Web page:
I have a somewhat unusual issue. I've done something like this many times:


My problem is that I create a <div id="selector">, and I call the command above and it works fine.

Now, on another event, later, I remove that element from the DOM and add it again at a later time with the same id. This element now doesn't have color:#00f.

Is there a way that I can add a rule in CSS, such that it will affect items that are created in the future with that same id/class? I like jQuery, but anything with plain JavaScript would be fine as well.

It has to be dynamic, and I don't know the classes to put in a CSS file. Also, I plan on changing a single attribute a few different times through the course of the application. For example, setting the color to black, to blue, to red, and back to black.

I went with the answer from @lucassp, and this is what I ended up with:

function toggleIcon(elem, classname)
        $(elem).attr('src', 'img/checkbox_unchecked.gif')
        //$('.'+classname).hide();//this was the old line that I removed
        $('html > head').append($('<style>.'+classname+' { display:none; }</style>'));
        $(elem).attr('src', 'img/checkbox_checked.gif')
        //$('.'+classname).show();//this was the old line that I removed
        $('html > head').append($('<style>.'+classname+' { display:block; }</style>'));

I also want to say that @Nelson is probably the most "correct", though it would require more work to go into application code that always works fine, and that's not effort I want to spend at the moment.

If I had to rewrite this (or write something similar) in the future, I would look into detach().

  • .css() sets style attribute of the $('#selector'). It does not create a css rule. – Zefiryn Oct 25 '12 at 19:40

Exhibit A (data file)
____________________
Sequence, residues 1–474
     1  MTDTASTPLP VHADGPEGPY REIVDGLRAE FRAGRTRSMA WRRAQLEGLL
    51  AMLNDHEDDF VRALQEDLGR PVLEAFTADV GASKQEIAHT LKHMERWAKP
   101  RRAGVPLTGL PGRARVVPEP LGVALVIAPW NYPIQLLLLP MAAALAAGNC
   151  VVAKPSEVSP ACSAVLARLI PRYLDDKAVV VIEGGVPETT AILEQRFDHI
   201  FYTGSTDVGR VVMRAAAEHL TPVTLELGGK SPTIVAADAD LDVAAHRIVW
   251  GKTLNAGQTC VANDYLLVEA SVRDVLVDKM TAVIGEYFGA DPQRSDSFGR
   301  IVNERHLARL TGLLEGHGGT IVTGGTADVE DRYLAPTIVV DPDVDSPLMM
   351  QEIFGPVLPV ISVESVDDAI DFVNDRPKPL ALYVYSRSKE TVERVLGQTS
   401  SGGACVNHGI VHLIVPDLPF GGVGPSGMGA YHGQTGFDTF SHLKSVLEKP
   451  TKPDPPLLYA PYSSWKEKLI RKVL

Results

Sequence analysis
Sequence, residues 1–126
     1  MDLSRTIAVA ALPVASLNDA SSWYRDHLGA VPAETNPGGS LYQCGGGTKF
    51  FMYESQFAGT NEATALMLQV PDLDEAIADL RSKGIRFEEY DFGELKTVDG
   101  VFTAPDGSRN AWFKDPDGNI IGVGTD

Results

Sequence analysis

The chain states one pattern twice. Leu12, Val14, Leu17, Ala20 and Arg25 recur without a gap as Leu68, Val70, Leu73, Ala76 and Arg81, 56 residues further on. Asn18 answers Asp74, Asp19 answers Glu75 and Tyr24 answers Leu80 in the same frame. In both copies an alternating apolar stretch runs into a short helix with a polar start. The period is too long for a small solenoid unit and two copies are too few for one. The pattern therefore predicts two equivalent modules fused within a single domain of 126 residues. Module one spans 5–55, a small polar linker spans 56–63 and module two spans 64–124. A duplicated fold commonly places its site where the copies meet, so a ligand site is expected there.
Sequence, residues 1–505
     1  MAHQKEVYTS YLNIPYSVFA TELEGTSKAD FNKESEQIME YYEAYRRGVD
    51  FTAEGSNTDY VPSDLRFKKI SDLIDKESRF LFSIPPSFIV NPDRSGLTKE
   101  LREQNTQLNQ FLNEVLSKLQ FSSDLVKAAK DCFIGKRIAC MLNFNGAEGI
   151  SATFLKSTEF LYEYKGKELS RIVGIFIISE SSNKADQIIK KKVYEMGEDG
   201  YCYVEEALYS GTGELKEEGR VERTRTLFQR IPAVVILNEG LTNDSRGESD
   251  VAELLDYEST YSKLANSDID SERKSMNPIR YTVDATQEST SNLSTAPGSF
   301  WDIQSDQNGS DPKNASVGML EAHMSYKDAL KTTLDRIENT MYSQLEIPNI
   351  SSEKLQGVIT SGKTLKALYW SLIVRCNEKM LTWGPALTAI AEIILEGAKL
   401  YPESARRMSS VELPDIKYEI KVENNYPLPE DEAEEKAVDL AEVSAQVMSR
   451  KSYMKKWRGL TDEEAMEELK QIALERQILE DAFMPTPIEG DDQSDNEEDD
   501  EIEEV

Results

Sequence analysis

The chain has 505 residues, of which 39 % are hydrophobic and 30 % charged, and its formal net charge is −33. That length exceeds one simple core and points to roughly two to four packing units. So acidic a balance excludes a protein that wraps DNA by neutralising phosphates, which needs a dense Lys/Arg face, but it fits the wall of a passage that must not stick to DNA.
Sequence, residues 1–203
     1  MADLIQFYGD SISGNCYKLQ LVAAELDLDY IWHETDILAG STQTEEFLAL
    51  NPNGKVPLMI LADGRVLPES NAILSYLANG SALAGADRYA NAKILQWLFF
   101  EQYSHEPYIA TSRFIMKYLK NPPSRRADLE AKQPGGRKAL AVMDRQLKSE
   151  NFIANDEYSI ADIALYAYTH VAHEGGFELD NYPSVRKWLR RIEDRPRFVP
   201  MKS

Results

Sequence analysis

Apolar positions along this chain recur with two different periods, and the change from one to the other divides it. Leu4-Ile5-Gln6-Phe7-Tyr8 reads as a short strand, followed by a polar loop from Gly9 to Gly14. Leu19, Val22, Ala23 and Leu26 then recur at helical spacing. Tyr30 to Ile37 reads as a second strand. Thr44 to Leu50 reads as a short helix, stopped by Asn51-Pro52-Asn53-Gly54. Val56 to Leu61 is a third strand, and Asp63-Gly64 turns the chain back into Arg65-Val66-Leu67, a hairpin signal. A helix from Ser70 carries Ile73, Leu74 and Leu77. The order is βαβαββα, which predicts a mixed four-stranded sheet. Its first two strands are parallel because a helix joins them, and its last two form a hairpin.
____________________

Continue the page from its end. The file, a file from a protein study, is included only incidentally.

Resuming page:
• I know that, that's exactly what I'm asking, I want to create a rule, not just adjust an attribute – Landon Oct 25 '12 at 19:59
  • I was just pointing it out as you seemed to be surprised with the result of .css() method. The responses are giving you some direction how to handle this. – Zefiryn Oct 25 '12 at 20:01
  • No, I'm not surprised by it. I'm quite familiar with css(), and I know it just edits the matched DOM elements and doesn't make a permanent rule – Landon Oct 25 '12 at 20:04

11 Answers 11


This should work:

var style = $('<style>.class { background-color: blue; }</style>');
$('html > head').append(style);
  • 13
    Slightly cheaper js: $('<style>.class { background: blue; }</style>').appendTo('head'); jsfiddle.net/b9chris/LNYaR – Chris Moschini Apr 8 '13 at 8:36
  • 5
    how would you remove that style in the head if needed later? – Philll_t Apr 16 '14 at 4:35
  • 1
    @Felipe $("style").replaceWith might help rerender css rules. – Nasser Al-Wohaibi Apr 28 '14 at 9:56
  • This doesn't work for changing a max-height style (it's been set to 400px in CSS but I want to change it to 300px). Is there any workaround? – Keir Simmons Aug 17 '14 at 12:15
  • 6
    @Philll_t give the style an id e.g $('<style id="customstyle">.class { background: blue; }</style>').appendTo('head'); $("#customstyle").remove(); – Adam Jimenez Nov 12 '15 at 15:00

When you plan to remove elements from the DOM to re-insert them later, then use .detach() instead of .remove().

Using .detach() will preserve your CSS when re-inserting later. From the documentation:

The .detach() method is the same as .remove(), except that .detach() keeps all jQuery data associated with the removed elements. This method is useful when removed elements are to be reinserted into the DOM at a later time.

  • 2
    You first detach and save the element in a variable: var p = $("#myelement").detach(); then later you can insert your element again with $('#somediv').append(p); or the equivalent p.appendTo('#somediv'); – Nelson Oct 25 '12 at 22:56